Shifting the 90/10 factor to elevate AI project productivity

AI exists to solve business and organizational problems. But for businesses, the technology will only gain traction if resources are allotted intelligently to lead to improved outcomes. This means supporting the data science team with solutions which reduce effort spent on support tasks and enable increased time to be spent on high-value tasks.

Given the current data science skills shortages, it would be hugely beneficial to AI projects if AI technology were usable by a wider talent pool group, and if the number of people who could lead AI projects – e.g., junior data scientists and developers – were to increase.

The talented data scientist, still a rare breed

Data scientist is one of the most sought-after roles in industry today, and this type of job posting on Indeed.com rose 75% over the last three years. Yet, qualified, talented data scientists remain hard to find. Historically, most people working in data science came from academia, not business. The recent explosion in demand for data science experts in industry has created a talent gap, with large, deep-pocketed technology companies securing most of the best talent. And IBM predicts an increased demand for 700,000 more data scientists by 2020 in the U.S. alone.

Data science resources are hard to find and expensive. And you don’t just need any data scientist; you need the right data scientist mapped to your particular project and objectives. Aligning your data science team to your business objectives over time is imperative. So is making your AI team’s time as productive and efficient as possible.

The recent explosion in demand for data science experts in industry has created a talent gap
— Björn Brinne, Head of Data Science at Peltarion

For AI to be operational and make more sense for businesses, it has to have reduced inputs and increased outputs and value. And this has to be true over time, not just as a one-point-in-time boost. To get the most value from data and drive productivity from AI projects, the data scientist is a key resource on your team.

Productivity, the economic measure of output per unit of input

Productivity improvements can come when your data scientist and your team can focus on mainly high-value activities like modeling, insight and the business domain areas and outcomes, rather than all the support processes. Every percentage point of effort that can be shifted in this equation improves productivity dramatically. Freeing data scientists up for more value-add tasks has a direct impact on entire teams and the project overall.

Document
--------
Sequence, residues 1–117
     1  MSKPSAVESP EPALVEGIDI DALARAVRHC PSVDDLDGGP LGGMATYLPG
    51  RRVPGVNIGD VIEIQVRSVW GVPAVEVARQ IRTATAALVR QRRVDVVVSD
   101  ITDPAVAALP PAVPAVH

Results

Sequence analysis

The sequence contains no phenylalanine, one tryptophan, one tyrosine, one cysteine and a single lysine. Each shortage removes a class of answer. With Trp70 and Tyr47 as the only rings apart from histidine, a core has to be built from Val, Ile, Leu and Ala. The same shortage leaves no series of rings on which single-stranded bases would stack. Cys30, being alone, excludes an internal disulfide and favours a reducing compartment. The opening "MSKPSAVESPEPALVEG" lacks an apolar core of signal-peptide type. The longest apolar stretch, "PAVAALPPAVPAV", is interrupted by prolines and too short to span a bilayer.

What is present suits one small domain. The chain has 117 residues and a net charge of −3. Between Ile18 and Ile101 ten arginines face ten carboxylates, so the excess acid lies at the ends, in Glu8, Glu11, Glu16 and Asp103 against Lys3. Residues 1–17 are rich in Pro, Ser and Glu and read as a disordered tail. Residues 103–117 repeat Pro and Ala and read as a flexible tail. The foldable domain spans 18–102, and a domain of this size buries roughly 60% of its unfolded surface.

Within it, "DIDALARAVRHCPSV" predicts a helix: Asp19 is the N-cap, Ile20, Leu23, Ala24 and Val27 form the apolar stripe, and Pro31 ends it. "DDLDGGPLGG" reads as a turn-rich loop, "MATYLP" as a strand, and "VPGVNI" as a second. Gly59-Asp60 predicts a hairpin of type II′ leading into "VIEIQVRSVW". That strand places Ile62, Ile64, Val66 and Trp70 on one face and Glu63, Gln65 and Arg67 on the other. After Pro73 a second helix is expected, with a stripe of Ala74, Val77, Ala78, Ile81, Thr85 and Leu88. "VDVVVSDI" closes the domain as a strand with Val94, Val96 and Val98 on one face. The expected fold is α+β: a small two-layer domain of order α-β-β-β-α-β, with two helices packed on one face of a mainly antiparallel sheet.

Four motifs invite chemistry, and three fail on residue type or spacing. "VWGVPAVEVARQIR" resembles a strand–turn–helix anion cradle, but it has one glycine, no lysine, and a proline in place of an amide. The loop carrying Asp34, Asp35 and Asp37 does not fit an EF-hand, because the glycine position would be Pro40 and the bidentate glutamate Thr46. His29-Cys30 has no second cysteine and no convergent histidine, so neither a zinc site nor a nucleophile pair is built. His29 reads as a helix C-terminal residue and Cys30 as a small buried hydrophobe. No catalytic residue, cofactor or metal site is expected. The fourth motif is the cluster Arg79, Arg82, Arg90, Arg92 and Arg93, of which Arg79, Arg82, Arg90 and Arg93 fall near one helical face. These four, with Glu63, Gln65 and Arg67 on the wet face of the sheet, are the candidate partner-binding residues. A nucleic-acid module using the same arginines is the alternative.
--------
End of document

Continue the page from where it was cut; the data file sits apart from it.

There’s definitely healthy potential to shift the formula and “upskill” the talent pool. For example, moving toward “productizing” tasks would allow more narrowly skilled or less experienced team members (such as developers) to take more involved and leading roles. Productizing allows the platform (versus the individual) to undertake more tasks such as experiment management and auditing – and to learn and evolve in responsibility over time, taking over more and more of these tasks.

Giving AI teams an easy to use end-to-end platform that’s GUI-based is another way to reduce the overall effort and free up data science teams to focus on more high-value tasks. In addition, speeding up the experimentation cycle has big impact –  reducing the time to import and process data, create a deep learning model to test in minutes and running tests on models quickly and in parallel.

In AI projects, productivity metrics hinge on freeing up your data science resources to focus exclusively on high-value activities, shifting the 90/10 factor and eliminating the lower-value support functions from their repertoire.

For more insight into making AI projects and data science teams more productive, download our free whitepaper “The AI productivity challenge.”

Björn Brinne
Head of Data Science

About

Björn is the Head of Data Science at Peltarion and has over a decade of experience working in data science. Before joining Peltarion, Björn worked at companies such as Truecaller, King and Electronic Arts. He holds a PhD in theoretical physics from Stockholm University and has contributed to many research papers across a range of academic fields, including computer science, string theory and computational biology.

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